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FTP Permissioning

Posted on 2000-03-24
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Last Modified: 2008-03-06
I am running an FTP server on RH6.  I have 2 questions.
I created a directory called upload. I have permissioned the Dir so that everyone has 'rwx' access (chmod 777).  However when I ftp into it I still can not upload files to that dir. It tells me upload access is denied.
Assuming I can get that working, then my second question would be:

How would I give just one user write or upload permission to
the upload dir on my ftp server (/home/ftp/upload)? Would have to make him a new group and do a chgrp on the directory??

Thanks
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Question by:jkipp_66
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kiffney earned 200 total points
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If you have an /etc/ftpaccess file, you need a line in it that says something like

upload /home/ftp /incoming yes ftp ftp 0666

in which you should replace /home/ftp with the actual ftp 'root' directory, and under /home/ftp you should have an incoming/ directory with permissions 0777.  I think you also need to have an 'ftp' user created.  the ftpaccess and ftpd man pages have more details, but I think this is the part you might be missing.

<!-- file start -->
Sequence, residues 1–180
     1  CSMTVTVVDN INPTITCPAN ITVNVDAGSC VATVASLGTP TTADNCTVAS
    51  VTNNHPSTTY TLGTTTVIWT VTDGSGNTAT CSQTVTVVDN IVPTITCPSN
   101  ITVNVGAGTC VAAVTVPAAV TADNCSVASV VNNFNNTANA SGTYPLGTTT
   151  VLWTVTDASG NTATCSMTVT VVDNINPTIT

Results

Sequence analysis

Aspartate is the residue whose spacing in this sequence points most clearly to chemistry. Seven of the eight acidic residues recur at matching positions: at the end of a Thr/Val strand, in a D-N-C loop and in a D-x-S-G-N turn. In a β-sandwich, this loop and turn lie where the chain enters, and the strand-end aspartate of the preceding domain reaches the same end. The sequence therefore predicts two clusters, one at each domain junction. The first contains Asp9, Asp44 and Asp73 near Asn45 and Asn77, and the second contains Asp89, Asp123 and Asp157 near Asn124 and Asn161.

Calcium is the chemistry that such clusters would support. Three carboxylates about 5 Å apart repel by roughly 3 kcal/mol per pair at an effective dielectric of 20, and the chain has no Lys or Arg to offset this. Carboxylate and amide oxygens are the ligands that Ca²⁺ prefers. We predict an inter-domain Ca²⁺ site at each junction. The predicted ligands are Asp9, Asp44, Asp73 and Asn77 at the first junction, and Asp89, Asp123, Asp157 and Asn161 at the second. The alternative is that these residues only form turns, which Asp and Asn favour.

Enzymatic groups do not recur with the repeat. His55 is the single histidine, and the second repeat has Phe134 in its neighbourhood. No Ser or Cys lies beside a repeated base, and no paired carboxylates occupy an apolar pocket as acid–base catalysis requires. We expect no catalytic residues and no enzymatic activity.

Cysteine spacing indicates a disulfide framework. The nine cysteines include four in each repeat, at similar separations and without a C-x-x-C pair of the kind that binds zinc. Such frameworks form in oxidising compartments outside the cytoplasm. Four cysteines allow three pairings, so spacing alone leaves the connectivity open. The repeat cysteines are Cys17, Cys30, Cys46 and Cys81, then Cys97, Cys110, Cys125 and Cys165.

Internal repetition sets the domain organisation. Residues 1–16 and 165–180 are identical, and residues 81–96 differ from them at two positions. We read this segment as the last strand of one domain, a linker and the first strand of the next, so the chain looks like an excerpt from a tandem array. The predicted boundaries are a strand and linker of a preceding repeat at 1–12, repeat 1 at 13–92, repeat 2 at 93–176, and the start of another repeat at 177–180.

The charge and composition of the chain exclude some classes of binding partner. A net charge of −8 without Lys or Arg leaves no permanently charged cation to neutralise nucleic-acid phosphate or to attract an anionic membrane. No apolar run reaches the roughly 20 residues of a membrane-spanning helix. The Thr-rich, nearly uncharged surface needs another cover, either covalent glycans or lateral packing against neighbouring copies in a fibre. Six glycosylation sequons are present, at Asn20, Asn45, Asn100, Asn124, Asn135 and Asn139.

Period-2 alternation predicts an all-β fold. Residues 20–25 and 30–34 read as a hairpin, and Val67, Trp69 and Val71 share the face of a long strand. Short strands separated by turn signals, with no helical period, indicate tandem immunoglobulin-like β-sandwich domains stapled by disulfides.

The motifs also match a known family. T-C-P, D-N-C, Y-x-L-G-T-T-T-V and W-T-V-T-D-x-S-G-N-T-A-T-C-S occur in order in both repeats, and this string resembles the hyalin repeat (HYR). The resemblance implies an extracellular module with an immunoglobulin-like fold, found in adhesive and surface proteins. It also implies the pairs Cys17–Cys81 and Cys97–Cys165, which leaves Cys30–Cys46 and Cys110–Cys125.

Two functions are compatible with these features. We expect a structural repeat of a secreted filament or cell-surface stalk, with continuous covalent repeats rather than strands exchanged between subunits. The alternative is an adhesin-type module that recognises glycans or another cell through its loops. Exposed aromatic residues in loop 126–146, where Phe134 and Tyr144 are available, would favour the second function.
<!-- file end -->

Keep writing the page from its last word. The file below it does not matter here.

The way wu-ftpd (which is what I think that version of redhat uses) handles users by default is it chroots the ftp user to his 'home directory', so the 'ftp' user winds up in the /home/ftp directory (which looks like the only directory since he's chrooted), and the user 'joe' winds up in /home/joe, where he has whatever permissions the upload command gives him.  I could be wrong here though since it's been a while since I messed with this.  
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by:jlevie
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Actually wu-ftp doesn't chroot to the user's dir. Ordinary users (as listed in the passwd file) have normal rights with respect to uploading/downloading. If they can read/write to a dir while directly logged in they can upload/download to those dirs from ftp.

When you set up anonymous ftp, wu-ftp does chroot to the anon ftp dir.

As noted /etc/ftpaccess can be used to limit/grant ftp privs. You can see what can be done by looking at "man ftpaccess"

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by:jyu_88
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For fine-tuned config, You'd better off with proftpd. It has Apache-like directory directives to control permission. Also, users will access the sites with the same rights as OS user (so, you can tweak UNIX-style file/directory permission to your like), and it is easy to turn the chroot on for all users, one single directive in the main config file: DefaultRoot ~.
www.proftpd.org
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